Monday, May 09, 2011

Smart Kids

   I spoke tonight at the academic banquet for my old high school alma mater. I guess I pictured thirty or forty people, but the number was closer to two hundred. The kids, their parents, grand parents, and others.
   The principal who is a friend of mine, told me that these were some of the brightest kids in the county and that he'd passed out scorecards.  He said I'd be graded at the end of my talk on a olympic-like scale. 
   So many points for contents, so many points for style, so many points for use of facts and humor. I pictured in my mind, kids holding up cards 4.5 --  5.1 -- 3.8 -- 6.2 and so on. That pep talk from the principal really helped a great deal :)
   As it turns out, I was a bit nervous, but I made it through without any major calamities or turret's outbursts.
  I'm not sure if my message on the importance of education hit home, or not but I don't think you can hear that message too much when you're young. I really wish I'd heard it more.

  The reality is, most folks find their way. Everybody makes mistakes, misqueues, and blunders. The trick is, not to repeat them too often.
 When I looked into the faces of the kids tonight, I felt hope. Even thought they have a long and circuitous, road ahead, I got the feeling that some of them will go on to do something remarkable -- at least, that is what I choose to believe.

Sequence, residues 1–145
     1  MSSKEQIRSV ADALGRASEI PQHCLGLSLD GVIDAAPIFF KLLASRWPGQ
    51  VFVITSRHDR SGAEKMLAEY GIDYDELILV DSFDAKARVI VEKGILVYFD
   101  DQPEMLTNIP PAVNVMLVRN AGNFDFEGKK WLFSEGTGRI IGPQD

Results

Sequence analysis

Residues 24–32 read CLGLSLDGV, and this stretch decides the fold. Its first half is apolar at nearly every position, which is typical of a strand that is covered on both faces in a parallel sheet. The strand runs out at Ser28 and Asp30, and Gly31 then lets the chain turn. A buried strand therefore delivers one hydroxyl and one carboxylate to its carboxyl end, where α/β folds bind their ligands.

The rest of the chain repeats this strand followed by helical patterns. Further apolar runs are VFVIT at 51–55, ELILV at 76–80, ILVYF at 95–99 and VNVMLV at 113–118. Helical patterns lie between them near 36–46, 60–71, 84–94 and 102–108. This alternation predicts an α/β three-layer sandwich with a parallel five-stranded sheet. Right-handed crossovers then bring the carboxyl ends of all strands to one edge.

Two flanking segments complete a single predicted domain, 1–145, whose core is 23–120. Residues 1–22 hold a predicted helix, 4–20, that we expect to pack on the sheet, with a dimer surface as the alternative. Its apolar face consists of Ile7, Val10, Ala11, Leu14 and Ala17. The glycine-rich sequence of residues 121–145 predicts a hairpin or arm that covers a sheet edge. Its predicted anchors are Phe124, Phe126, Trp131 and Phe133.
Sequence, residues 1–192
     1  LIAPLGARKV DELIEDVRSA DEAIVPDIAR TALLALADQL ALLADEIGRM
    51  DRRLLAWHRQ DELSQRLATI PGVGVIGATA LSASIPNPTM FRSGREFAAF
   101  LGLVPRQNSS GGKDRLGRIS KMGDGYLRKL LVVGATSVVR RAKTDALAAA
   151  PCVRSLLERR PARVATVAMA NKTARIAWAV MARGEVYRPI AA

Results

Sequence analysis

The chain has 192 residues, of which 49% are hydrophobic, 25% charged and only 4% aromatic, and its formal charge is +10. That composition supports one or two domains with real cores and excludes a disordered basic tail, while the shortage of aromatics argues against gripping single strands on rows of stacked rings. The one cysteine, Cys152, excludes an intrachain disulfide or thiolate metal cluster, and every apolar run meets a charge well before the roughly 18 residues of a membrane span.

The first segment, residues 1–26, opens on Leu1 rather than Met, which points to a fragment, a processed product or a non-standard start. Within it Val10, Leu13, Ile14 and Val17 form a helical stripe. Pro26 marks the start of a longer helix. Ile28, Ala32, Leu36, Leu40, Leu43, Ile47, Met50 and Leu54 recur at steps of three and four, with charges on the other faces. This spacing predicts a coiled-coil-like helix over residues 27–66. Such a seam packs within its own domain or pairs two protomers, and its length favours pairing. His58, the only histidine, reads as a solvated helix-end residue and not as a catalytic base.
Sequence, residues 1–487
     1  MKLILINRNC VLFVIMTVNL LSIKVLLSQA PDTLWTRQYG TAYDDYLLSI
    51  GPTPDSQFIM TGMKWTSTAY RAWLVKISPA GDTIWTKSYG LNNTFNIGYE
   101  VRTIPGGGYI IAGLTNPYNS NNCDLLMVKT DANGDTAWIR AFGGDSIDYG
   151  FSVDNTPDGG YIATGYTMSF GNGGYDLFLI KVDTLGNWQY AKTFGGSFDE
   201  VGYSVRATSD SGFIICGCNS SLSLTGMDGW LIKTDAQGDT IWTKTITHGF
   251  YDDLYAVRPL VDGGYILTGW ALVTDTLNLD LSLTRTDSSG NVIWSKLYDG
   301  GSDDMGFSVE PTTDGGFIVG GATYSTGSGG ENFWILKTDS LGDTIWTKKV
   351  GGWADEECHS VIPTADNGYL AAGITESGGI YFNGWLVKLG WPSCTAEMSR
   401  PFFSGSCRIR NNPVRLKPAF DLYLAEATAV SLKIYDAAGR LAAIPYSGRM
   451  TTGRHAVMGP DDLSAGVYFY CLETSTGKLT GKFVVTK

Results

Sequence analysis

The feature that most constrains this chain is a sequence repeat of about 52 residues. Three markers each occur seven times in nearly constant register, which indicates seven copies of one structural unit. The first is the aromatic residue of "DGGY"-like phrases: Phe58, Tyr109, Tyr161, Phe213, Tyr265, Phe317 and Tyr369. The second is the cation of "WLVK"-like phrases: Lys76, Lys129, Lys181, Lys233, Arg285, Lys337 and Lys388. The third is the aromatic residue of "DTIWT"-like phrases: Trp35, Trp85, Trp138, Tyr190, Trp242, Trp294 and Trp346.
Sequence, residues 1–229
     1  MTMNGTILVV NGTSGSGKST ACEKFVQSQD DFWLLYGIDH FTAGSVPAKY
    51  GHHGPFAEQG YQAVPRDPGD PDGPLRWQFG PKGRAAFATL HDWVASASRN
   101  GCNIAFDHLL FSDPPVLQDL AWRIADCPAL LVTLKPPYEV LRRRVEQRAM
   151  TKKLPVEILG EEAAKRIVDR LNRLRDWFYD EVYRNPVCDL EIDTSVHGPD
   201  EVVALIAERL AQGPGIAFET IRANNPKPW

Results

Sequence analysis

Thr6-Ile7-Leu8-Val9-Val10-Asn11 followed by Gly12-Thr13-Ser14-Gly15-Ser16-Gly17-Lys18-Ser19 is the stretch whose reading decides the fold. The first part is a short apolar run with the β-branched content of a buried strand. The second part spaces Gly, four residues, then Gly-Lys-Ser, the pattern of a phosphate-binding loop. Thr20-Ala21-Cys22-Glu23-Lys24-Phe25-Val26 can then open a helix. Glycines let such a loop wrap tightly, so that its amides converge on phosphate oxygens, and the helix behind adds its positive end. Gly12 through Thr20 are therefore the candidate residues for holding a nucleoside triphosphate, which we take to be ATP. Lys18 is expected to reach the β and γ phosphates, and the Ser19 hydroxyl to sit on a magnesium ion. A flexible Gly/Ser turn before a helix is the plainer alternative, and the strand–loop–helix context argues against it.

1. What a treat you got with this.

    The only advice I can give someone is don't give up. The number of times I've paniced and made myself calm own and go at it again to then succeed is remarkable.

  2. I believe that if parents show their children that education is important by being involved, knowing what's going on, being interested in what the children are learning those children will succeed.
    Hope the kids did absorb some of your how did they rate you?

  3. I say your talk was a perfect 10! Take care

  4. Score? He didn't actually give them scorecards, he was just fooling with me.
    Had he given them cards, I would have scored more than I feared, and less than I would have liked :)

  5. That's the one thing my parents never pushed was education. You just had to get a full time job when you got out of school. No loafing around!

  6. Rick,
    Sounds like it was "scary-fun" which is often the best kind. :)

    They were fortunate to have you.


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